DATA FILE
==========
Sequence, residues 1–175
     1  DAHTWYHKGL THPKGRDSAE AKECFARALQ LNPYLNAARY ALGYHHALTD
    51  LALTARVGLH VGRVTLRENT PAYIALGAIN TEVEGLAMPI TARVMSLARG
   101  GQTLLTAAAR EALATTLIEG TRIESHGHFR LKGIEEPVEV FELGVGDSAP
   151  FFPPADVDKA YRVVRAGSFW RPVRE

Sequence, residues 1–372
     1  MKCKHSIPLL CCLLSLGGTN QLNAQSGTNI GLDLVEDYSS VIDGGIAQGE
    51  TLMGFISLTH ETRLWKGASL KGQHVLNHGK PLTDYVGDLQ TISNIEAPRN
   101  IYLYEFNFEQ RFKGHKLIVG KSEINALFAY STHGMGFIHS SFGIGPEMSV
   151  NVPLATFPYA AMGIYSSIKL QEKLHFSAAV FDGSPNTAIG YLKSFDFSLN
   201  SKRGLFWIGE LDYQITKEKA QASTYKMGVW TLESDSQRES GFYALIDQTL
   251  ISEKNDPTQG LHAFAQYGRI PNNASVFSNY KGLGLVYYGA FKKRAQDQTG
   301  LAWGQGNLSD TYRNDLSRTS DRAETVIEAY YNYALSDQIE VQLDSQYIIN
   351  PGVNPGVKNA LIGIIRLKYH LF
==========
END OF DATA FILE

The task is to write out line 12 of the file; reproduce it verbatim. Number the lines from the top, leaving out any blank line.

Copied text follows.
   251  ISEKNDPTQG LHAFAQYGRI PNNASVFSNY KGLGLVYYGA FKKRAQDQTG